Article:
There should be no misunderstanding about that though –despite our team doing the nation proud by their achievement and gutsy performances (semi-finalists, but not richly deserved perhaps, and hardly ‘heroic’ as the headlines would have it?), nevertheless in reality that was not by their outstanding football on the pitch, but by some good fortune (though well-deserved) and by the top teams failing miserably this time round, wasn’t it?– whenever they came up against good teams they were found wanting, weren’t they? In reality England’s performances hadn’t been anything to write home about, and no player proved to be world-class.
Nevertheless, ‘on paper’ it did indeed ‘look like’ a success story and to be sure it had to be reflected in the World Rankings – England [Rank 6] are now flatteringly (?) listed higher than they have been for five years.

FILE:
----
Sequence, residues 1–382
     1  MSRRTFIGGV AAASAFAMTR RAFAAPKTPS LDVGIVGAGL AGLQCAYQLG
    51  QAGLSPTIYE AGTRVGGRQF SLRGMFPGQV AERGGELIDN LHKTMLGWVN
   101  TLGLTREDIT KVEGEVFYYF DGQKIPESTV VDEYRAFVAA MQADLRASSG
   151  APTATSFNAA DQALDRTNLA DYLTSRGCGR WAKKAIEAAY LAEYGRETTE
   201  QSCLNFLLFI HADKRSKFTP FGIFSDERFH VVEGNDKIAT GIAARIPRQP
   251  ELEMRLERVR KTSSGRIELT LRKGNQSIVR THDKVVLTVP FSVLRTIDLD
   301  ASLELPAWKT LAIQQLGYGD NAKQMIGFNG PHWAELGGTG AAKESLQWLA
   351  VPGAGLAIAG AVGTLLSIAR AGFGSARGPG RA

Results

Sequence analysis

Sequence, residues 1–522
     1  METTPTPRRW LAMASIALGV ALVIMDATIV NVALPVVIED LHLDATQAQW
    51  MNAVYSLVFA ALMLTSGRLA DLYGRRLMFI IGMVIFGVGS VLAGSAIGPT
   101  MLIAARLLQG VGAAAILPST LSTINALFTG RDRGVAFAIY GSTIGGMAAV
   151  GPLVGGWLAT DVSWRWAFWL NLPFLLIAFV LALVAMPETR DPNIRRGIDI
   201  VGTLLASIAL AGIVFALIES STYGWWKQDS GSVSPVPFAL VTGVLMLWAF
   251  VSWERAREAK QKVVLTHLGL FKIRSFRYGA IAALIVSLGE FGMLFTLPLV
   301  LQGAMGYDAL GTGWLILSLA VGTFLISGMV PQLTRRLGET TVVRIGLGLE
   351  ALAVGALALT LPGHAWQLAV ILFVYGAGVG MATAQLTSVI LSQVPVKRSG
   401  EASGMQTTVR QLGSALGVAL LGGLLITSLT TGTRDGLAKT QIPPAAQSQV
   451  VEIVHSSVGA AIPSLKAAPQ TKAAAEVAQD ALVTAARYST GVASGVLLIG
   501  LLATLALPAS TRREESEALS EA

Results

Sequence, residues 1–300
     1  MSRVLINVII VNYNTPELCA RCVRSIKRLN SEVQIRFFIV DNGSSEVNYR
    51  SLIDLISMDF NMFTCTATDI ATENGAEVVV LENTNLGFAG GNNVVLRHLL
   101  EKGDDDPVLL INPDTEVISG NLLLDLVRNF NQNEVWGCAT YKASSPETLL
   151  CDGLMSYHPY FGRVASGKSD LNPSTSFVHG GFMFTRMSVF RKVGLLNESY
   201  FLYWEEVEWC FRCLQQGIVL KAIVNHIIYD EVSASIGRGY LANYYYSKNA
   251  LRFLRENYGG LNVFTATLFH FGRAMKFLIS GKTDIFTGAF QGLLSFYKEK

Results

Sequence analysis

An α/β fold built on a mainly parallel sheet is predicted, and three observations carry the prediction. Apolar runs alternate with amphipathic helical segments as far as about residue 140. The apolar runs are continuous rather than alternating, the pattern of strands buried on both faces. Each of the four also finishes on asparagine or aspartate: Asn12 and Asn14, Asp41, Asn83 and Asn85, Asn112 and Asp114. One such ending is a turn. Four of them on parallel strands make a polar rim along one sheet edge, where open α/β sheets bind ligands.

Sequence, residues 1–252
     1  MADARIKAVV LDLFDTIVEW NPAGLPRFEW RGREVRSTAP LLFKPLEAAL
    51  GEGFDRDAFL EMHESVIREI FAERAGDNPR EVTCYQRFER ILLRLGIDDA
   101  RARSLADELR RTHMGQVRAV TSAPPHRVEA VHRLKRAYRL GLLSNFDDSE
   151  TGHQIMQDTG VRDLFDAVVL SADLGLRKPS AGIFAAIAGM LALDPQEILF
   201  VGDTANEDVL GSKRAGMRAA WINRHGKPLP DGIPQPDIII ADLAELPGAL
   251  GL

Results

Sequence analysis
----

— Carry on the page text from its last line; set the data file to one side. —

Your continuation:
As recorded here at the time, the real ‘facts’ belie that outcome, because they are that in the Group Stage, England won two games [one with the team making very, very, very hard work of it all with a last-gasp goal that saved the bacon, and the other one against gamely fighting but out of their depth World Cup ‘first-timers’ with England falling asleep at the back at times, together with an unpunished pretty dire second half display], and then losing the really meaningless third match [a bizarre fake contest when both sides played a reserve eleven – and England’s second team was hopeless because it didn’t gel.